Smart People Should Build Things, by Andrew Yang: on Corporations

Economies recede after switch from making things to services

Our economy has progressed from making things to supplying financial services. It's not the first time an economy has made this transition.

Both the Netherlands and Great Britain were global manufacturing powers in their day. The Dutch and British then turned to financial services and insurance as the drivers of their economies. Unfortunately, it's hard for an economy to rely solely on financial services, and both countries receded from the world stage.

We no longer manufacture devices, we manufacture analyses. Investment banks, private equity firms, corporate law firms, and management consultancies are all vitally important to today's US economy. They offer prestige, high-starting salaries, training, expense accounts, and the promise of community and open doors.

Source: Smart People Should Build Things, by Andrew Yang, p. 16-7 Feb 4, 2014

Explore ideas on the side while working full-time job

Here's a list of things you can reasonably do on the side as you're working a full-time job to explore an idea for a great new business:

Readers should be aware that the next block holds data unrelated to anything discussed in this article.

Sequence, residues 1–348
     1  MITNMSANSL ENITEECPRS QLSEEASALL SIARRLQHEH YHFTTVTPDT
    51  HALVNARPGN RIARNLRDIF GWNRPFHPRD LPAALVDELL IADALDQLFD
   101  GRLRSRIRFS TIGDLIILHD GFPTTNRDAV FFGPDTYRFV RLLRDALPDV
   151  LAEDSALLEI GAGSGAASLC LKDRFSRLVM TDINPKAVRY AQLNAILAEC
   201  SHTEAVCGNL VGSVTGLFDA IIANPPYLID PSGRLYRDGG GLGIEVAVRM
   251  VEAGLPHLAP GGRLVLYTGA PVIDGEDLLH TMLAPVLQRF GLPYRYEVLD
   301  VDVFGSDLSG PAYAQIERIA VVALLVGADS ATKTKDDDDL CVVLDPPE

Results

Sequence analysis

Research your idea (figure out the market)
  1. Undertake legal incorporation and trademark protection
  2. Claim a web URL and build a website or have it built; get company e-mail accounts.
  3. Get a bank account and credit card (you'll generally have to use personal credit at first).
  4. Initiate a Facebook page, a blog, and a Twitter account
  5. Develop branding (e.g., get a logo designed, print business cards).
  6. Talk it up to your network; try to find interested parties as cofounders, staff, investors, and advisers.
  7. Build financial projections and draft a business plan
  8. Engage in personal financial planning (e.g., cut back on expenses)
  9. Create a mock prototype and presentation for potential investors or customers.
Source: Smart People Should Build Things, by Andrew Yang, p. 63-4 Feb 4, 2014

Send top people to startups, not financial services

This book makes a basic argument. If year after year we send our top people to financial services, management consulting, and law schools, we'll wind up in the pattern we're already seeing: layers of highly paid professionals working astride faltering companies and industries. But if we send them to startups, we'll get something else. Early-stage companies would have a better chance of innovating and creating value. Even allowing for a certain amount of failure, we'd create hundreds of new companies and tens of thousands of new jobs over time. Our economy and our country would be better off.

We'd restore our culture of achievement to include value creation, risk and reward, and the common good. By solving this one problem, we solve many other problems at the same time.

We are hyper-allocating the bulk of our top graduates to professional services industries, while leaving promising new companies around the country under-resourced.

Source: Smart People Should Build Things, by Andrew Yang, p. xiv-xv Feb 4, 2014

Venture for America: non-profit entrepreneurship support